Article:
wholesome homemade delicious

Wednesday, November 3, 2010

Tis the Season for Cranberries!

Soft Cranberry Banana Cookies

1⁄2 cup finely chopped dried cranberries
1 ripe medium banana, mashed
1⁄3 cup butter or margarine (see tip)
1⁄4 cup apple juice
1 egg
1⁄2 tsp vanilla extract
1 cup old-fashioned rolled oats
1⁄2 cup all-purpose flour
1⁄4 cup packed brown sugar
1 tsp baking soda
Preheat oven to 350°F
1. In a bowl, stir together cranberries (if using), banana, butter, apple juice, egg and vanilla; mix until smooth. Stir in rolled oats, flour, brown sugar and baking soda;
blend well.
2. Drop by spoonfuls onto greased baking pans; flatten with a fork. Bake in preheated oven for 10 minutes or until lightly browned. Let cool on a wire rack before storing in a tightly closed container.
Makes 36 cookies

*Better Baby Food

Friday, September 24, 2010

Simple Signs

The best way to tell whether your baby is ready to start solids is to watch for cues. Here are some signals that show the time is right to begin offering food:

  • Your baby is able to sit up well on his/her own, without your assistance.
  • Your baby is able to turn his/her head away to refuse the food you are offering.
  • Your baby develops a persistent pattern of remaining hungry after the usual feeding.
  • Your baby stares at you when you eat or grabs for your food.
  • Your baby can swallow pureed food, rather than reflexively spitting it out.

Monday, September 20, 2010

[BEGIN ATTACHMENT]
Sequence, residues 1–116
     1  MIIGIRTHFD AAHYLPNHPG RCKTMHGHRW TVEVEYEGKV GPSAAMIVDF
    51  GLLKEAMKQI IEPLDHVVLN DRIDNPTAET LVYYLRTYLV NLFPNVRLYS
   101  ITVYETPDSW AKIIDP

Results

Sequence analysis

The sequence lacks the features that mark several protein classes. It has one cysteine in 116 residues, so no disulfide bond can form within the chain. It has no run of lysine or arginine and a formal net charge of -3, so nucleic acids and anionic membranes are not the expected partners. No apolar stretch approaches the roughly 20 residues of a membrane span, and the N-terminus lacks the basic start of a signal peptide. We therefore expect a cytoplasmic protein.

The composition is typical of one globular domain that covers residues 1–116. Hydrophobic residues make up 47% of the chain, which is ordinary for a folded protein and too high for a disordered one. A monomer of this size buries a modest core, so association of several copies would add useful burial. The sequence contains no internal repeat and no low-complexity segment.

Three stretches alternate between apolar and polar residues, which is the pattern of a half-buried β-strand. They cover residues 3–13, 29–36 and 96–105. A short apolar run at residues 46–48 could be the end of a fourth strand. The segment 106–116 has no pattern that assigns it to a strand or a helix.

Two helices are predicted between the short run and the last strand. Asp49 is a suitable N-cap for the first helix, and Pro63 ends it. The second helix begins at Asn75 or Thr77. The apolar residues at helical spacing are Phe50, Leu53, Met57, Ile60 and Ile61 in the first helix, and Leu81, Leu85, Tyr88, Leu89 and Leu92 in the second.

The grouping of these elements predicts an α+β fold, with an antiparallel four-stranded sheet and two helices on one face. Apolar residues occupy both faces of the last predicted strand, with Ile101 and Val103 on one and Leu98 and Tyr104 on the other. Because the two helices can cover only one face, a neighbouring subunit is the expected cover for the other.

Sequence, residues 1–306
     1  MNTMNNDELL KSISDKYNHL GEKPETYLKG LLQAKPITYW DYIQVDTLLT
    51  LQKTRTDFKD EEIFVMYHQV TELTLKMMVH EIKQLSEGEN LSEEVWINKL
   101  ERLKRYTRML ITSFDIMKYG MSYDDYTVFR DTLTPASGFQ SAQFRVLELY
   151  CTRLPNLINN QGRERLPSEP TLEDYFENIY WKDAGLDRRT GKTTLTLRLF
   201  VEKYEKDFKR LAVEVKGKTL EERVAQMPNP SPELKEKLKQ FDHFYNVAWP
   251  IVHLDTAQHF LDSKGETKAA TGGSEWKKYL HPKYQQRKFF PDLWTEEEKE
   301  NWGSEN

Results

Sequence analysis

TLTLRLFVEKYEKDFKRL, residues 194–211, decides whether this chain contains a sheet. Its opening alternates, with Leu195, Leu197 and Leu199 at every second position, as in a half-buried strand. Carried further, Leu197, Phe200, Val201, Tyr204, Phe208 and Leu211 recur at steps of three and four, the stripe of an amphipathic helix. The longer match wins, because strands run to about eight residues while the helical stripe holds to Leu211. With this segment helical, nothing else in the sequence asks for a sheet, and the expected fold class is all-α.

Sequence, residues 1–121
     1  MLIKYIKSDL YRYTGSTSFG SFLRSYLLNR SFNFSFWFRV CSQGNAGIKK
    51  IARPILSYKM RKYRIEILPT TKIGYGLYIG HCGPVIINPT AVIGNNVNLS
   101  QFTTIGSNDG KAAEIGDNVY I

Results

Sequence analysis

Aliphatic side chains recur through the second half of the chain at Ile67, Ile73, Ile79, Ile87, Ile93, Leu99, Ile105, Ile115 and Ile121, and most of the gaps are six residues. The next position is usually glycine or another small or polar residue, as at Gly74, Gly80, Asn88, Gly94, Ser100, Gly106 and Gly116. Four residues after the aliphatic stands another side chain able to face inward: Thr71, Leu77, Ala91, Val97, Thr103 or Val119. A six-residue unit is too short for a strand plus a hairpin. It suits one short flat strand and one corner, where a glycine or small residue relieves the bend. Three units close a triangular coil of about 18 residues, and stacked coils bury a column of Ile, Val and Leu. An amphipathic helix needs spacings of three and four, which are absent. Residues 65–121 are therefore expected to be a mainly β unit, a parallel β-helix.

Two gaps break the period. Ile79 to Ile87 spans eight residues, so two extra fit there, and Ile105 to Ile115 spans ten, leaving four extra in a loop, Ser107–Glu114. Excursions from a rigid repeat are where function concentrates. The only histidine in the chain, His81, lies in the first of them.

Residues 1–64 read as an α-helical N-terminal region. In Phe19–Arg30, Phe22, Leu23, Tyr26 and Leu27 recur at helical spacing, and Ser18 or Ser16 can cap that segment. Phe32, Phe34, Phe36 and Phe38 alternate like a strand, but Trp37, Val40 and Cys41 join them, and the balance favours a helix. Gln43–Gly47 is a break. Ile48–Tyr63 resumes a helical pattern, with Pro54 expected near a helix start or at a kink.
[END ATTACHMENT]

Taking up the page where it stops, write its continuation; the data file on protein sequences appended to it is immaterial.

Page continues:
Starting Simple

Introducing solids to your baby is a slow process of building a repertoire with each new food you offer baby, you are shaping his/her taste and testing his/her tolerance. Some foods may not agree with your baby, causing a rash, constipation, or other side effects. For this reason, new foods should be introduced one at a time. If a food does not agree with your baby, it might take a day or two for this to become apparent. So when you introduce a new food, feed it to your baby for at least three days before you introduce another new food. This gradual approach to introducing new foods makes it easier to identify the culprit if there is any problem.

Allergenic Foods:

Cow's Milk
Egg White

Friday, September 17, 2010

In the Kitchen

When I am preparing meals, I cook using only the gentlest procedures. Majority of the fruits and vegetables I make are steamed. Steaming is an especially good method because the food does not come in direct contact with water, which can take away nutrients.

Roasting is another great method for baby's food. Most of the meats and root vegetables are prepared this way. Roasting ensures that the food can keep all of its natural flavors.

Homemade foods are more nutritious for a variety of reasons:

It is completely unadulterated. I never use any fillers or preservatives.

It's more versatile. You can add breast milk or formula for extra nutrition. As your baby grows, you can make his food just as thick as he can handle thus helping his eating skills progress.